RIVERVIEW — Tyrone McKenzie remembers the exact moment he realized he had the potential to make it big in football.
It was the summer before his senior year at Riverview High School. He had finally recovered from the broken leg that sidelined him the previous season when he burned three defenders on his way to the end zone during a scrimmage.
"From that moment on, I knew I was back," said McKenzie, who graduated from Riverview in 2004 after an illustrious career as a running back.
About five years and three Division I colleges later, McKenzie, 23, is on the verge of accomplishing a dream even he didn't think was possible as a kid playing Pop Warner football in Brandon: getting drafted in the NFL.
McKenzie, now a linebacker, played a year at Michigan State and two at Iowa State before transferring to the University of South Florida, where he started 24 games and led the Bulls in tackles the past two seasons.
Several mock drafts have McKenzie going late in the second round of April's draft. He'll get a chance to improve his stock Saturday at the Senior Bowl in Mobile, Ala., where he'll be scouted by coaches and general managers from all 32 NFL teams. Players in the All-Star game accounted for 88 first-round draft picks and 712 overall picks from 2000 to 2007, according to Senior Bowl officials.
"If he goes there and does well, he could move up as much as a round," USF defensive coordinator Wally Burnham said. "Like I told him: 'You're in, now you have to go there and prove that you belong there with those kind of guys and do well.' "
A long path
At the age of 9, Tyrone McKenzie lost his dad, Rupert McKenzie, who died after a two-year battle with colon cancer. After seeing her son struggle, Ruth Sloley-McKenzie signed him up with the Brandon Broncos, hoping football would help fill the void.
"He had lost his best friend, the person he could lean on, the person he identified with," she said. "To me, that's the best thing I could have ever done for him."
McKenzie began to flourish a couple of years later when he switched to the Brandon Steelers.
"It's like he went out there, and it was as if he had been born with the ball," Sloley-McKenzie said. "Everybody told me from that point on 'He's going to be somebody.' "
At Riverview, McKenzie hoped to get the attention of college recruiters as a junior, but he suffered a season-ending broken left leg during the second game of the year.
"It taught me a lot," said McKenzie, who received a business degree in December. "Before I broke my leg, I was thinking I was untouchable. (It) helped me realize that I could be gone at any moment."
McKenzie rehabbed in time for his senior year. He rushed for more than 1,400 yards and 16 touchdowns, earning a scholarship at Michigan State. He had four 200-yard games his final year, something that still impresses former Riverview offensive coordinator Barry Jacobs.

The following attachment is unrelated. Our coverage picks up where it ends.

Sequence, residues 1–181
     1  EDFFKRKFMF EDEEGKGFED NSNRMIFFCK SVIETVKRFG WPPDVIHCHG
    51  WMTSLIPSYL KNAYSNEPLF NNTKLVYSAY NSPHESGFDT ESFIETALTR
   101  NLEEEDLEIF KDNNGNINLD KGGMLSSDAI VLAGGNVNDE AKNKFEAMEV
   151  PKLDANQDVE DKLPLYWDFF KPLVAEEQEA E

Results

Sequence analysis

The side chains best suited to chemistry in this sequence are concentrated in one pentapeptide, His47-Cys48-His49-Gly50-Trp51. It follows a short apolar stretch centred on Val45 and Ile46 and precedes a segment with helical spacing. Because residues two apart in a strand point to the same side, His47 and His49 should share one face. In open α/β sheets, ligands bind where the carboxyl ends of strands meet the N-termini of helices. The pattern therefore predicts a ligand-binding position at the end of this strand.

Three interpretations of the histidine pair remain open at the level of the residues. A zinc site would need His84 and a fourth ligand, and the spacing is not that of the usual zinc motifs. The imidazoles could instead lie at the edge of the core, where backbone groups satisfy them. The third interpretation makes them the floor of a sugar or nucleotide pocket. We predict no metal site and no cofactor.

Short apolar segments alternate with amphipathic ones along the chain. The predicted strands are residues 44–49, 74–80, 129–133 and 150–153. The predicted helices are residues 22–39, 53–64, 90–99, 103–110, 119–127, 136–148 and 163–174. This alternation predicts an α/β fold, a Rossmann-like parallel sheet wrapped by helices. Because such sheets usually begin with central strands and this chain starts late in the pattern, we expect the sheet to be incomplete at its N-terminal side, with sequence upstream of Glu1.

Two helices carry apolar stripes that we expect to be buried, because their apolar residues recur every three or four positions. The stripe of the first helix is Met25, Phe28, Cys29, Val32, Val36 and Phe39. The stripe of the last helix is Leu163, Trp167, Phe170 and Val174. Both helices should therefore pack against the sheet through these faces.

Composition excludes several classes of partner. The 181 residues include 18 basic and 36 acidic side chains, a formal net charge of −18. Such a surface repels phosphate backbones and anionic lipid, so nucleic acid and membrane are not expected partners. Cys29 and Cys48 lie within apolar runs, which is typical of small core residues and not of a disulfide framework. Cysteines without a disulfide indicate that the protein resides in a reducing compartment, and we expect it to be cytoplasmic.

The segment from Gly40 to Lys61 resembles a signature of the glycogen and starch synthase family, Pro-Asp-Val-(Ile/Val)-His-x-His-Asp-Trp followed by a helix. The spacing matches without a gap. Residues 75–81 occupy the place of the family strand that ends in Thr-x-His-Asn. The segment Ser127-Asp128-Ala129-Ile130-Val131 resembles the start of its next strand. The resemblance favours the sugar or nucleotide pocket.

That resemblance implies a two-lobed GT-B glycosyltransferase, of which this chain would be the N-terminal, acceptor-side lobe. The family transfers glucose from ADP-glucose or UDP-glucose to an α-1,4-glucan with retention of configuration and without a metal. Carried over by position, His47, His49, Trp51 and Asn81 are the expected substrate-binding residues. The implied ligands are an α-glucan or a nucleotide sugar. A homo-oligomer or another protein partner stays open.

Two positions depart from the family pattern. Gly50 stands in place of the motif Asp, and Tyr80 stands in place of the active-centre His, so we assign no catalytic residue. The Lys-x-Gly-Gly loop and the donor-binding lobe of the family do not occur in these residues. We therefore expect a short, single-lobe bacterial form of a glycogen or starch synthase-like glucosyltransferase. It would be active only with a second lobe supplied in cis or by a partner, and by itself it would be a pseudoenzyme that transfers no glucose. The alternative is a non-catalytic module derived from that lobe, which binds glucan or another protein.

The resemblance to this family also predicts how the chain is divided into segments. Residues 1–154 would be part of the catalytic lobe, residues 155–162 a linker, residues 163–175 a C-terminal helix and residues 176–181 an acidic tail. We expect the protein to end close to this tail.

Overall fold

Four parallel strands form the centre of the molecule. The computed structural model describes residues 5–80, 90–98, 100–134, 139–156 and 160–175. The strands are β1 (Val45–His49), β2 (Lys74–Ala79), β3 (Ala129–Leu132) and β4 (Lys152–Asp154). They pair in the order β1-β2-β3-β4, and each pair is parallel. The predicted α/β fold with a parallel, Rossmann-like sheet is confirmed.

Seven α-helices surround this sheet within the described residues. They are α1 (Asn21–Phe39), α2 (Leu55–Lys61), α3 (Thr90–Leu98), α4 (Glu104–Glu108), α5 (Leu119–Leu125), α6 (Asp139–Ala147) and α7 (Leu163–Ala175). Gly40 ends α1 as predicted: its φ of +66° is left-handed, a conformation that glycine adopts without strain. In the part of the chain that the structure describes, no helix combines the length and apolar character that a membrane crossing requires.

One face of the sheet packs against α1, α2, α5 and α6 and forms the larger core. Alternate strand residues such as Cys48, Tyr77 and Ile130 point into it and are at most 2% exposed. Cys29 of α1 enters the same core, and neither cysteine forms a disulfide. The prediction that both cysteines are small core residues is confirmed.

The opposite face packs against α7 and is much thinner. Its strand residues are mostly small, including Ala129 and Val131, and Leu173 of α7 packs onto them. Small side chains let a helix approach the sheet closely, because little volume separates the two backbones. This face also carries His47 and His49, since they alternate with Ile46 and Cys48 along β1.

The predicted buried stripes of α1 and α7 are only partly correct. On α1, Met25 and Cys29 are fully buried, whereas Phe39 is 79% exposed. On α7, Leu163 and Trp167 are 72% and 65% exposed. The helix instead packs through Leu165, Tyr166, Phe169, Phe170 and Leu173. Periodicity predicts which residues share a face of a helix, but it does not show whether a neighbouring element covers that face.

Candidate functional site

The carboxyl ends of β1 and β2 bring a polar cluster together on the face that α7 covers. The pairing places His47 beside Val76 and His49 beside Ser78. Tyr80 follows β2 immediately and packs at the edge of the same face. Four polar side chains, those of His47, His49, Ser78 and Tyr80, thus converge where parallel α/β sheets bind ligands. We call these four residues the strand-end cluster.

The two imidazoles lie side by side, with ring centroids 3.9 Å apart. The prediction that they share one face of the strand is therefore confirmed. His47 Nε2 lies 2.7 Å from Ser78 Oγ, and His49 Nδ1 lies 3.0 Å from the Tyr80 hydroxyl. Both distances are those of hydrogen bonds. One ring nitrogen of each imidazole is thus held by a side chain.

"It's the most amazing thing to see where he came from and how hard he had to work to get back," said Jacobs, who still has the metal rod that was in McKenzie's leg.
As a freshman at Michigan State, McKenzie played in 11 games, but left for undisclosed reasons, although it wasn't disciplinary related. In 2006, he had a breakout redshirt sophomore season at Iowa State, finishing eighth in the nation with 10.75 tackles a game.
McKenzie's success continued after transferring to USF in 2007. He racked up 237 tackles in 26 games playing outside linebacker for the Bulls and earned First Team All-Big East honors in 2008.
"He was a great addition to our football program when he came in here from Iowa State," Burnham said. "He solidified that position for us, and he has made a lot of plays here in his career."
When McKenzie transferred to USF, his motivation was to be closer to his mom, who was ill at the time. Playing at USF allowed her and his three sisters to attend home games. It also gave him the chance to give back to the community.
Since his return, McKenzie has spent time visiting hospitals and volunteering at a local soup kitchen.
He recently went back to Riverview and gave a motivational speech to the entire school.
"No matter where I end up in life (and) in the NFL, I'm always going to remember where I came from," he said, "because through tough times and good times, that's where I started.
"At Riverview High School, nothing was given. Everything was earned. So since high school, I've always learned to work really hard."
Jacobs, his high school offensive coordinator, is excited about the influence McKenzie could have in Riverview if he reaches the NFL.
"If Tyrone could make it at the next level, he's the type of guy who would come back," Jacobs said. "We'd all be fortunate enough to say, 'We knew Tyrone McKenzie.' "
Sloley-McKenzie said there has to be a sense of pride from the community as her son tries to make it to the NFL.
"Every achievement that he's made and every accomplishment has been with people around this area," said Sloley-McKenzie, who plans to be there when McKenzie plays in his first NFL game. "I'm going to be smiling and crying at the same time."
Kevin Smetana can be reached at email@example.com or (813) 661-2439.